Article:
Okay, I’m running dangerously low, so send in your photos. Today we’re featuring more insect photos from reader Mark Sturtevant, whose comments are indented:
This set of pictures marks an important milestone for me, since these are from my first outing last summer where I began to use my newly bought Canon 100mm f/2.8L IS macro lens. I had never even touched a macro lens before, and it took me a while to figure out how to use it. But it has made my hobby a fair bit easier, and now this amazing lens rarely leaves my camera.
First we have a female Eastern pondhawk dragonfly (Erythemis simplicicollis). This is the same dragonfly I used in a Spot the dragonfly posting several months ago.
The next two pictures feature a small colony of aphids (Chaitophorus populicola) being guarded by a squad of anxious carpenter ants (likely Camponotus pennsylvanicus). As soon as they detected me, the ants began to run up and down the plant, flicking their abdomens. I suppose this was to spray out an alarm pheromone. It was rather entertaining to watch through my camera viewfinder, hitting the shutter the instant an ant would race by in its flashing chitin armor.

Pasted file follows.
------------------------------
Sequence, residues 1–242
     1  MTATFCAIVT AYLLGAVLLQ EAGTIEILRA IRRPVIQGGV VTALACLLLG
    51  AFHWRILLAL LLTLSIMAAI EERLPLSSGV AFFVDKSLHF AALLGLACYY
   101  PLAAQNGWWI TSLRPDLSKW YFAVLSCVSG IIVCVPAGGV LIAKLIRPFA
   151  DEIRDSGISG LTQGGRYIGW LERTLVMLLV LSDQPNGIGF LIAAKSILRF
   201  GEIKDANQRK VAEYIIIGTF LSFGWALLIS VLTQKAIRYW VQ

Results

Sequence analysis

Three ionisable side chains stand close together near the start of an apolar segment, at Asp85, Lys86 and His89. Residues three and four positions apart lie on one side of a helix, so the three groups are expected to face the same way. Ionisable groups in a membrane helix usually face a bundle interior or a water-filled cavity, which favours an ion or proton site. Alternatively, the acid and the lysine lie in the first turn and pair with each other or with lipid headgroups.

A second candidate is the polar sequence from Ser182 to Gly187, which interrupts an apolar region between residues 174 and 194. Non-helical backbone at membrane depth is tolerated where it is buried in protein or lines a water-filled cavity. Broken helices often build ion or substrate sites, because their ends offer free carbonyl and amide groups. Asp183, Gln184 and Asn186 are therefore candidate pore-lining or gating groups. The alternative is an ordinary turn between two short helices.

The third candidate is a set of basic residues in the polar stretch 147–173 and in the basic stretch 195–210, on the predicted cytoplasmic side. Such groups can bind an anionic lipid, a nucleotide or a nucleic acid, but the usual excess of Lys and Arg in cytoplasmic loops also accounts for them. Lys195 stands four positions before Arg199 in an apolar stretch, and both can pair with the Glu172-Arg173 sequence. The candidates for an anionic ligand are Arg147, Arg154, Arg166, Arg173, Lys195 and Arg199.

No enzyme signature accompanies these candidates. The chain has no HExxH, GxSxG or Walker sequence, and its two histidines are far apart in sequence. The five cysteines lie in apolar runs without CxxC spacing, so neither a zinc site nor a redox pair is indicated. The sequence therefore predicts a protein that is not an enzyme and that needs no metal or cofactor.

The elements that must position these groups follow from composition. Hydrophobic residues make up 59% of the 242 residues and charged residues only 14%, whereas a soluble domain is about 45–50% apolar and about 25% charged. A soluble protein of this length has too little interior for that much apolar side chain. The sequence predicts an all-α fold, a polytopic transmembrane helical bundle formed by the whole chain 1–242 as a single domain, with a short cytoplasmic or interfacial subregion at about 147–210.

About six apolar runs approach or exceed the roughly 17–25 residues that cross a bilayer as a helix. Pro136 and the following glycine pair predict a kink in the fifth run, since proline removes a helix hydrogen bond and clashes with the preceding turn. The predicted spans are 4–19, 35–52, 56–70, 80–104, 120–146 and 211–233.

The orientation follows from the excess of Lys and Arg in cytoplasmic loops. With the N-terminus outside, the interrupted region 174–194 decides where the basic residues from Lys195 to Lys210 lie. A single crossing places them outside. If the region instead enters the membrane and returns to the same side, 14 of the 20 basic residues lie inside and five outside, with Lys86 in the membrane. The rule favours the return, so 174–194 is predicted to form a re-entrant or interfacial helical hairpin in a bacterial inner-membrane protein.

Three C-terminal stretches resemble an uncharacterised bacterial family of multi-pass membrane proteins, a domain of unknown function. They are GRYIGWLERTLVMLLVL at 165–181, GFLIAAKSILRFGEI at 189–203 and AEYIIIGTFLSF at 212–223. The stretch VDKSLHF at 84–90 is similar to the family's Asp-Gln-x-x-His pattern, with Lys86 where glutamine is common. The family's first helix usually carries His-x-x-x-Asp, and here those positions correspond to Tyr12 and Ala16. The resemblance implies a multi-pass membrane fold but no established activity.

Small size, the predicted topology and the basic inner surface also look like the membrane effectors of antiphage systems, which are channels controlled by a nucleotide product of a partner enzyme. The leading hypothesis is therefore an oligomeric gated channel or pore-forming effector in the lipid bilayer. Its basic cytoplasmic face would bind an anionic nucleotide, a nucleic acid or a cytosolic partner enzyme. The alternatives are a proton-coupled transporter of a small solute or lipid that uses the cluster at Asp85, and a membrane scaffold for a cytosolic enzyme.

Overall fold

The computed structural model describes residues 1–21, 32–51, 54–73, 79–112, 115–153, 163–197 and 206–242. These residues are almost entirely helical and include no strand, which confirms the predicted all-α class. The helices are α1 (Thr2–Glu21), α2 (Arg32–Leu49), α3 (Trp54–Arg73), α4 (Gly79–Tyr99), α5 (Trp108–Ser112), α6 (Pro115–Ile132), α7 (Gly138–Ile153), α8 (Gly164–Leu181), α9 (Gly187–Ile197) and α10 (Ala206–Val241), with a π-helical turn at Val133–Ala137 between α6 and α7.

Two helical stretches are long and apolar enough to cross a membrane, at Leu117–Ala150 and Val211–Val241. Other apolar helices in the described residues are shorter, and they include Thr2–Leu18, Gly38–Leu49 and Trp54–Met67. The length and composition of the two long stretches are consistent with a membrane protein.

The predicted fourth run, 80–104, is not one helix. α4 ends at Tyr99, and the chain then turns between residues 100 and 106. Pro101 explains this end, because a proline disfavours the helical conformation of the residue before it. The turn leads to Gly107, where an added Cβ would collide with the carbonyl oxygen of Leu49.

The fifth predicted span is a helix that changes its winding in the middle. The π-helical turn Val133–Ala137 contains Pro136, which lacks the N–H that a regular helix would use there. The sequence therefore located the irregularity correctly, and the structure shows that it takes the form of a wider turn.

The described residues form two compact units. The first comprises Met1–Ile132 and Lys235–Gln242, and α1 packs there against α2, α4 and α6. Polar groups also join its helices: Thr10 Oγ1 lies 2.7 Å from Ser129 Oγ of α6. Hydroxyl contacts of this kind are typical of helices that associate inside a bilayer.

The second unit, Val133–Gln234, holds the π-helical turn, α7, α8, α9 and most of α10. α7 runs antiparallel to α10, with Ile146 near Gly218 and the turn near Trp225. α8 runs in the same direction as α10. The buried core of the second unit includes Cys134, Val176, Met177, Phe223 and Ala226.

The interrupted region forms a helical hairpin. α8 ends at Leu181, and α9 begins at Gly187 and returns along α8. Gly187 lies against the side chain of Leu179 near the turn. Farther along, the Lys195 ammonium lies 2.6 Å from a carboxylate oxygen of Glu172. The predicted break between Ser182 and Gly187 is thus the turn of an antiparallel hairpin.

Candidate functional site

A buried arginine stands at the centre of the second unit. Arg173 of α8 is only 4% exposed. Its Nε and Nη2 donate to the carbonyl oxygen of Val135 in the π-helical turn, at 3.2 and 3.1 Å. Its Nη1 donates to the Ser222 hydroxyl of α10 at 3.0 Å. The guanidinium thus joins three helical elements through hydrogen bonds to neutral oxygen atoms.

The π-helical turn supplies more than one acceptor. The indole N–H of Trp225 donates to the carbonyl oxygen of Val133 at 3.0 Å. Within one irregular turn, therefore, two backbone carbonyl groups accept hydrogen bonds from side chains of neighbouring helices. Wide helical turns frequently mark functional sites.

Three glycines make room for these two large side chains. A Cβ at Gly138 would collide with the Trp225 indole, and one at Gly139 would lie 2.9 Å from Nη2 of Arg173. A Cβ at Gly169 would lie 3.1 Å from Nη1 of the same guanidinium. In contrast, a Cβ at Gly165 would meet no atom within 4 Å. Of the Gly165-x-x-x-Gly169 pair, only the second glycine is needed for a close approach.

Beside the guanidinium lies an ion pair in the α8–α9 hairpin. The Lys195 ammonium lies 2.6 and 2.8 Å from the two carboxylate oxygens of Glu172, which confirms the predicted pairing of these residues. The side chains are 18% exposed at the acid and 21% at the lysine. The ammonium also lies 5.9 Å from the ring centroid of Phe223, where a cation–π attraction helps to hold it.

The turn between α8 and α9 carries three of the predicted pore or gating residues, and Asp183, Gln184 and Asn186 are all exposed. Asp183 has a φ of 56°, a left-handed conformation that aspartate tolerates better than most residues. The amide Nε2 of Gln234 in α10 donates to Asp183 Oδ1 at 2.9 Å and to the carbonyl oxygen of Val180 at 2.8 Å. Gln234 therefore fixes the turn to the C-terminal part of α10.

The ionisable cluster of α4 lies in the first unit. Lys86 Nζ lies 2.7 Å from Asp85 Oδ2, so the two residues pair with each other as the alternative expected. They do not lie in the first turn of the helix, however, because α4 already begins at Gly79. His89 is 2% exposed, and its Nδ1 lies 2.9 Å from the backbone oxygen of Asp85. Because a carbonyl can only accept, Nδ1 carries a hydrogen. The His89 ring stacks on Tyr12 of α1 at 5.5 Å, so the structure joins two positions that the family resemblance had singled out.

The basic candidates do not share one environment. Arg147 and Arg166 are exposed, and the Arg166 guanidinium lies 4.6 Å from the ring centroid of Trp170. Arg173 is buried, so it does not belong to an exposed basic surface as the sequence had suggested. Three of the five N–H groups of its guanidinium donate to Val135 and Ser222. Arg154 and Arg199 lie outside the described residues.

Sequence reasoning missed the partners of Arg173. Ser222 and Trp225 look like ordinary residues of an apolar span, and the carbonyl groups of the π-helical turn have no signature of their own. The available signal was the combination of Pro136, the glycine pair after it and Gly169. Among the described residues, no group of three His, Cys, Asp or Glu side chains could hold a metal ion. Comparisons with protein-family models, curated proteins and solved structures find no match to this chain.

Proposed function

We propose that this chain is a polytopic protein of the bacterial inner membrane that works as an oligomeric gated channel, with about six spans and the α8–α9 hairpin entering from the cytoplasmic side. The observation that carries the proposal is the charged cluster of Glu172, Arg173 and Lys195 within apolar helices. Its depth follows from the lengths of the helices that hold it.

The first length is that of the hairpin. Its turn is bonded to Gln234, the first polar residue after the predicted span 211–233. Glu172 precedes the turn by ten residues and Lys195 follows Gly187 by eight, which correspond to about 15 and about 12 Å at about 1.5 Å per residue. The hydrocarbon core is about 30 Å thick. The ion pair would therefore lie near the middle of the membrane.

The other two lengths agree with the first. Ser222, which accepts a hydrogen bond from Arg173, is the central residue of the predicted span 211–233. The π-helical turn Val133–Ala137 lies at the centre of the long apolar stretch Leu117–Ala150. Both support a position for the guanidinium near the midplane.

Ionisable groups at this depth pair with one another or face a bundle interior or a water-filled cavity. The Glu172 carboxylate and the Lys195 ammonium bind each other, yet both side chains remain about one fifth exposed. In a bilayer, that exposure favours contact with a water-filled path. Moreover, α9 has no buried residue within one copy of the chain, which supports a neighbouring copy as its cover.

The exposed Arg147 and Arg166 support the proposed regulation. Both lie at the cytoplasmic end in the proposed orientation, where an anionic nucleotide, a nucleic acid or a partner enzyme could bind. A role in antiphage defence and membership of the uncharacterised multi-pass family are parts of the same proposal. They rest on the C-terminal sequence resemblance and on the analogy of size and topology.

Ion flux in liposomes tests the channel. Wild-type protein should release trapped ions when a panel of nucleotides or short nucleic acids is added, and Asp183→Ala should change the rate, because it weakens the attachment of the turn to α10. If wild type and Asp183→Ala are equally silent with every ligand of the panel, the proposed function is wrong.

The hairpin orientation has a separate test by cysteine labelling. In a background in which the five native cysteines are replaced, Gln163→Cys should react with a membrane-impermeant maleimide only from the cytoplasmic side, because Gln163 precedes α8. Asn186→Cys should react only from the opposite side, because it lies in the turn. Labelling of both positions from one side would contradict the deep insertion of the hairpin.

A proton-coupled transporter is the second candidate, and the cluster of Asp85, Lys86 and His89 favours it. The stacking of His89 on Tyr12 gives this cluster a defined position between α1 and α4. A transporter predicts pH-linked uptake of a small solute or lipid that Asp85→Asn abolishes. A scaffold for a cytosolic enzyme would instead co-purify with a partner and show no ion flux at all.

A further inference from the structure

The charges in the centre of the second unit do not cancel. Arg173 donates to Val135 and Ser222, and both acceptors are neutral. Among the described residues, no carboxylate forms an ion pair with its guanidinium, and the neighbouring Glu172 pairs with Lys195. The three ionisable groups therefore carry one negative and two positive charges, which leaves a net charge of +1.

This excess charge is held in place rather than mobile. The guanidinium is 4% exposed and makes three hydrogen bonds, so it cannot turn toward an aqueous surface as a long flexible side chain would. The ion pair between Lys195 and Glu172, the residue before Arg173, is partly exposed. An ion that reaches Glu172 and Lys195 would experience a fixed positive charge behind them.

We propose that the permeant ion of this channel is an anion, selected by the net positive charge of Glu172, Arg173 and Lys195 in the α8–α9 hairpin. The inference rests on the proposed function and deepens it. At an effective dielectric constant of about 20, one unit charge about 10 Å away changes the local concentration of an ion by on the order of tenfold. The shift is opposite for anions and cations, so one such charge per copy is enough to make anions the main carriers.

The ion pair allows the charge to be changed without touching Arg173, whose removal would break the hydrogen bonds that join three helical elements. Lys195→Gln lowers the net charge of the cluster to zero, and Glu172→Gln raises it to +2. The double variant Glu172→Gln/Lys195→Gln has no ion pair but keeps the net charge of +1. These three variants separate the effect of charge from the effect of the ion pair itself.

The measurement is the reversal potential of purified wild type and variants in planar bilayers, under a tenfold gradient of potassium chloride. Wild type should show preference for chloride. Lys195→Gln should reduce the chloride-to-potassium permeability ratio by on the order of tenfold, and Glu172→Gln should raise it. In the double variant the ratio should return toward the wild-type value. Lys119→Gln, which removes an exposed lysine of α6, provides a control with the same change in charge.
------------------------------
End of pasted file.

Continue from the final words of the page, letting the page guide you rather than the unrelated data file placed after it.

The next three pictures are of tiger moths that are found in the forest undergrowth. It turns out that this genus is rather complex, with several species of similar-looking moths, with many species being highly variable. I think what we have here is but one species, the Lecontes’ haploa moth (Haploa lecontei).
Next, I had a pretty cool find on my first day out with my new lens. I spotted a large bee-like robber fly (Laphria grossa) several feet away, and it was clearly feeding on something large. I carefully crept up, and was thrilled to see it had a honey bee [Apis mellifera].
In the last picture, you can see a rather special talent of these flies. They often swivel their heads up and down and from side to side, checking out their surroundings. In this picture it is as if the killer fly is saying “You’re next!”